Lessons in Golf Garb
What's Hot for Golf Fashion this Season
By Jackelyn Crawford
While golf may fall into the conservative category of sports, golf fashion for 2012 is a whole other animal. Not an eagle, albatross, or plain old birdie, but a bold, bright and maybe even fluorescent peacock.
"There's a younger and more casual feel than we've seen in the past few years on the golf apparel side," said Chris Hudec, buyer of golf apparel for Sport Chek, who filled us in on the hottest trends in golf fashion this season. "Expect to see bright colours, bright plaids and fluorescents making their way back."
According to Hudec, top brands are showing their vibrant colours in different ways. The Nike Golf swoop has gone bright pink, the atmosphere at Oakley is looking fluorescent lime, and Puma is all about orange play.
So, why all the eye-popping pigments? Well, they do seem to match well with greens, liven up the dull look of sand traps and coordinate with the golden-hued beverages at the nineteenth hole. But mostly, as Hudec confirmed, companies are putting out products that emulate the youth and style of the fresh-faced pros they're sponsoring.
For Puma, that pro is Rickie Fowler, 2010 PGA Tour Rookie of the Year, who's been known to golf in head-to-toe orange. The current Puma line takes on the persona of Fowler, described by Hudec as a "surf kid from California" with a young and edgy vibe."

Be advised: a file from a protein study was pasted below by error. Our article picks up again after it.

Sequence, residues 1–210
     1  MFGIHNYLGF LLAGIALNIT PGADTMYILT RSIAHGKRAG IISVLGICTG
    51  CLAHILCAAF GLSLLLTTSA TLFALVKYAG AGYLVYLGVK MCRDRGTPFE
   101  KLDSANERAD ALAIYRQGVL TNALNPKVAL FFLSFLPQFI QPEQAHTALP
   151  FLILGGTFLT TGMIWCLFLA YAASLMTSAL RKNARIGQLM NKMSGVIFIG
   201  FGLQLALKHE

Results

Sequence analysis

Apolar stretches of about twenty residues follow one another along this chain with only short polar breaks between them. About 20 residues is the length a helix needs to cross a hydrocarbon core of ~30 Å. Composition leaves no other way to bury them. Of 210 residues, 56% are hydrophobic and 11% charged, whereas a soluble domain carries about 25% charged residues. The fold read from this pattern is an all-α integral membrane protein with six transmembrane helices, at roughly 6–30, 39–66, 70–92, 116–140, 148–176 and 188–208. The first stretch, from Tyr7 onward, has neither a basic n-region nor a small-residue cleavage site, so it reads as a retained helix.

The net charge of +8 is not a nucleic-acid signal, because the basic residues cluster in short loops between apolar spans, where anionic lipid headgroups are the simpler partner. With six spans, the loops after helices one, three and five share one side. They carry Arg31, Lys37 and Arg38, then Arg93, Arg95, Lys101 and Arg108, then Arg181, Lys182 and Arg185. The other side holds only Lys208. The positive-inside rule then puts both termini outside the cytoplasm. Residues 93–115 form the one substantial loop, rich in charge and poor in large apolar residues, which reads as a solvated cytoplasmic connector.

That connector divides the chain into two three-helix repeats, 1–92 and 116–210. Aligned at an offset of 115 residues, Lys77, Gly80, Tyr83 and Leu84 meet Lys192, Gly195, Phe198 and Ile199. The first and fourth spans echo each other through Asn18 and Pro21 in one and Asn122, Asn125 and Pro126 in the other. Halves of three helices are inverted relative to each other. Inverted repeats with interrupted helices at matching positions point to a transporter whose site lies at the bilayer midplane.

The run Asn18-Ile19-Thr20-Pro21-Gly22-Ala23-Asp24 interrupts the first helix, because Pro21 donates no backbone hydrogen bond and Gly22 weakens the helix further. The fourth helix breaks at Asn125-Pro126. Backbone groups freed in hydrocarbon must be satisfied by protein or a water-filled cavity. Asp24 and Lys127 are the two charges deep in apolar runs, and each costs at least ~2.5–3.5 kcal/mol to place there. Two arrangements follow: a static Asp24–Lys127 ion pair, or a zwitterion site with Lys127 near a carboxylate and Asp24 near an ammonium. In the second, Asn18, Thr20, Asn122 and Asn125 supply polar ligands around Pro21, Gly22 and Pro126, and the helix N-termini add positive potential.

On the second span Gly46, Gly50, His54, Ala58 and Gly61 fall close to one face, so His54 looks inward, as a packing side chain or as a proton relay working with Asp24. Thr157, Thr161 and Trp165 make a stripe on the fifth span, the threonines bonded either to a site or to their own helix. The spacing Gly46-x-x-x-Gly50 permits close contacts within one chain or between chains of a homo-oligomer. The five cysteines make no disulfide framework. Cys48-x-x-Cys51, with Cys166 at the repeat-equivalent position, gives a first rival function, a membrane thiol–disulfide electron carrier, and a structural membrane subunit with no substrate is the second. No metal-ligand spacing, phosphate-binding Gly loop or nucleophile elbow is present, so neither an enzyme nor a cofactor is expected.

"He had the choice to race BMX motorcycles or play golf, and he chose golf."
Oakley also stands behind a young whippersnapper, 22-year-old Rory McIlroy, who represents both youth and a near-number-one ranking.
Along with colours, comfort is at the forefront of fads.
"Everyone has gone towards a technical fabric with a super lightweight, breathable and moisture-wicking component," Hudec explained, mentioning most brands sell products with the goal of keeping you cool on the course (body-temperature-wise, that is - no garment can quell the anger from a missed swing). Under Armour even provides products that incorporate coldblack, a dye developed by Schoeller Technologies that actually resists and reflects UV rays, meaning the harder the sun beats down on you, the cooler you feel.
At Golf Town on King Street West, we asked some of the early-bird shoppers what they think of these trends in golf threads.
"I like them," said Alex, an insurance broker in his early 30s who stocks up on the latest styles every season. "They seem to be what all the pros are wearing, and you have to look professional out there."
Others like to stick to their own sense of individuality, shirking what's "in" for their own preferences, like Mark, a 48-year-old film exec who sticks to mild colours, and identifies as both "not a neon" and "not a Rickie Fowler."
Still, no matter how many options are out there for the golf fashionista, or fashion-mister, some players pick their outfits based on one thing. Natin, a 38-year-old working in marketing, explained what matters to him when picking out a golf outfit.
"It depends on what's clean."